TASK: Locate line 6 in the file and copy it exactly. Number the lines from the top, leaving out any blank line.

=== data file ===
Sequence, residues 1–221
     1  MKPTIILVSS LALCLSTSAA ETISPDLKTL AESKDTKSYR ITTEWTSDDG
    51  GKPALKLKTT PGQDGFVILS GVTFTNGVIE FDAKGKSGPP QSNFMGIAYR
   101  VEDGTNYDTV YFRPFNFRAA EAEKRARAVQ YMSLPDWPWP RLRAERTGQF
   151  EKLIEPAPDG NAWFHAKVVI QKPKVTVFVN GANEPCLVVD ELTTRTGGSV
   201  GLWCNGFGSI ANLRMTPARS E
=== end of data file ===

   201  GLWCNGFGSI ANLRMTPARS E